From my research, I had begun to feel that everything really worth saying about Lawrence had already been said. Then, to my surprise, I found a niche that looked to be almost empty – his lost family background in Ireland. Lawrence’s father was not really Mr Thomas Lawrence but Mr (subsequently Sir) Thomas Chapman, an Irish aristocrat from county Westmeath who had abandoned a wife and four daughters and eloped with their nursemaid-governess, Sarah Lawrence. ‘Mr and Mrs Lawrence’, as they thereafter called themselves, led a fugitive existence, always afraid that they would be exposed, moving on to Wales, Scotland, and France, until in 1896 they finally settled in Oxford for the sake of their sons’ education. By then there were four— Bob, Ned (Lawrence of Arabia), Will and Frank. A fifth, Arnold, would be born in 1900. Thomas’s abandoned and embittered wife, Edith, refused to grant him a divorce, so he and Sarah were condemned for the rest of their lives to masquerade as a model, churchgoing, married couple, all the while living with a shameful secret and an abiding fear of being unmasked. They never disclosed the family secret to their children, or told them of their illegitimacy. The sons all remained in happy ignorance of the truth – all but Ned. He found out when he was just a boy and it shocked him to the core.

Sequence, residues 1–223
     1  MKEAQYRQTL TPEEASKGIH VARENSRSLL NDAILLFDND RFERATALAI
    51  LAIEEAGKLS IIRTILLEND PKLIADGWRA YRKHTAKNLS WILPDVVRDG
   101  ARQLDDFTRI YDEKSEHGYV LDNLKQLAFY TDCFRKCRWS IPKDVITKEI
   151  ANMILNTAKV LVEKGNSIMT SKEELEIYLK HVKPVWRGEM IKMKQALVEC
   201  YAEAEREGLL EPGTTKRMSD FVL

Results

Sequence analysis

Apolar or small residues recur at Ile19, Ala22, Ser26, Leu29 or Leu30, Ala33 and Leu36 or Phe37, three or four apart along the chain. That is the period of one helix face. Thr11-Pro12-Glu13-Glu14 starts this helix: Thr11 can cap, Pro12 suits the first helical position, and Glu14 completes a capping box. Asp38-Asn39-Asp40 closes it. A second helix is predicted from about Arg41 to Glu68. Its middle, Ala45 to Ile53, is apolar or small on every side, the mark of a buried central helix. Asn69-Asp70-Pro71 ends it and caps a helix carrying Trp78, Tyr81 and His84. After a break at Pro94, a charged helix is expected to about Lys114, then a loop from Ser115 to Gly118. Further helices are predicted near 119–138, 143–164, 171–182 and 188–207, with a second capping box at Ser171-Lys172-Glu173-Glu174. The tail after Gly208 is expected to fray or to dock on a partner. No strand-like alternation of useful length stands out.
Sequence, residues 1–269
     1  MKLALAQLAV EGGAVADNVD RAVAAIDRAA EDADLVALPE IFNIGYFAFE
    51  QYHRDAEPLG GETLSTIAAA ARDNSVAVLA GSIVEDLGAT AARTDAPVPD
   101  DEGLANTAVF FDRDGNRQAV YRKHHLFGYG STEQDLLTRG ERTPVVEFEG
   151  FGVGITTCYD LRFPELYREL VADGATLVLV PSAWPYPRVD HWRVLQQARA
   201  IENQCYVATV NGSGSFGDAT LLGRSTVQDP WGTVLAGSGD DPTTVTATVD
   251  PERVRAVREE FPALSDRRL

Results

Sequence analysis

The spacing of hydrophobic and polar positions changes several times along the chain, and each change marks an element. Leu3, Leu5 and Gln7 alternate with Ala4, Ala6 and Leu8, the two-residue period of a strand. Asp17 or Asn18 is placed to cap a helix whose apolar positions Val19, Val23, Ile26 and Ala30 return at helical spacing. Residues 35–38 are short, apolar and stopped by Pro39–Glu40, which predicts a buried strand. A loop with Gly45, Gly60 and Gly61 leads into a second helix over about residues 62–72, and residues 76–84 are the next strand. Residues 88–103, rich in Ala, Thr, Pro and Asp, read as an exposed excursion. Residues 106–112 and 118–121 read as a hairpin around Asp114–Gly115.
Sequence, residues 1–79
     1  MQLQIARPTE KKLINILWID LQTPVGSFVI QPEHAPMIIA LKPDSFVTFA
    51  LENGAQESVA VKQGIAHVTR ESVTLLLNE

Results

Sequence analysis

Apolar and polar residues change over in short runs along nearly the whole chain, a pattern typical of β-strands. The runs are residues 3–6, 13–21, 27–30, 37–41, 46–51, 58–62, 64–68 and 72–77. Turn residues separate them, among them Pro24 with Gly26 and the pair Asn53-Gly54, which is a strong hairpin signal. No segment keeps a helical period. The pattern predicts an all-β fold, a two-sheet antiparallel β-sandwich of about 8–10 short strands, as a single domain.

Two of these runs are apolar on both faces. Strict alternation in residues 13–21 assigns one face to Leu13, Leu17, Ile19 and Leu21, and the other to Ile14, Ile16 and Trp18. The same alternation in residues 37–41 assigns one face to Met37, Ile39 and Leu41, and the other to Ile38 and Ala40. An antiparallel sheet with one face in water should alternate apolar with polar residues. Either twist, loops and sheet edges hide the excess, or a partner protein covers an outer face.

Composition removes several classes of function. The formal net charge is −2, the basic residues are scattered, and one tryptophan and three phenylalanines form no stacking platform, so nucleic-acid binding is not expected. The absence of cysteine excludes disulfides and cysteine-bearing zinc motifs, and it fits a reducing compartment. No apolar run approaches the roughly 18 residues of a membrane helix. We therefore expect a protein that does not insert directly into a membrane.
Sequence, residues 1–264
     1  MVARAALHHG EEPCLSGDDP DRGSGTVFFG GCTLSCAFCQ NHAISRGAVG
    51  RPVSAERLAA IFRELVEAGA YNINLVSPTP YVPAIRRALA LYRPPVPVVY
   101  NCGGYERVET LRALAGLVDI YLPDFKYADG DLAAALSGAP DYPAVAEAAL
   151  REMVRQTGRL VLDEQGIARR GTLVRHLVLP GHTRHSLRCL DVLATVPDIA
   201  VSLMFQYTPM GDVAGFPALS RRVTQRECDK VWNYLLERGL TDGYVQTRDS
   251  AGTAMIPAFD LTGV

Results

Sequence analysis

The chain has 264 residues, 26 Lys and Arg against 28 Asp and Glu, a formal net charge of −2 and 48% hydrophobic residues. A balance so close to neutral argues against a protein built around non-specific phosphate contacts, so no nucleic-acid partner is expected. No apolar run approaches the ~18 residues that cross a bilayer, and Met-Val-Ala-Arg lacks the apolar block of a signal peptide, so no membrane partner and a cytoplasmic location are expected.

Thanks to Aldington’s book, the main facts of Lawrence’s family history were already in the public domain, but, due to a dearth of information, the story had remained skeletal, with no more than a couple of pages devoted to it in any of the more than seventy biographies that have appeared since Lawrence’s death in 1935. Now, my research revealed that Lawrence’s illegitimacy, and his Irish family’s refusal to acknowledge him, damaged him far more deeply than had been thought. Before the war his hurt and anger at the marital mess his parents had gotten themselves into caused him to repress the facts of his true origins; and when in later years his parents returned to Ireland—to Cork, as they did once a year to meet Thomas’s loyal sister, Caroline Chapman—Lawrence reacted with marked disapproval. However, in the 1920s, after his wartime achievements had made him famous, he became increasingly interested in his lost Irish family and forbears, proudly telling friends that he was Irish, privately embracing his Irish ancestry, and saying that he hoped one day to buy land near the Chapman family seat—the grand, neo-baronial Killua Castle in Clonmellon—and perhaps settle there. I found that there had been very strong rumours in Clonmellon, alive to this day, that Lawrence had visited Killua incognito.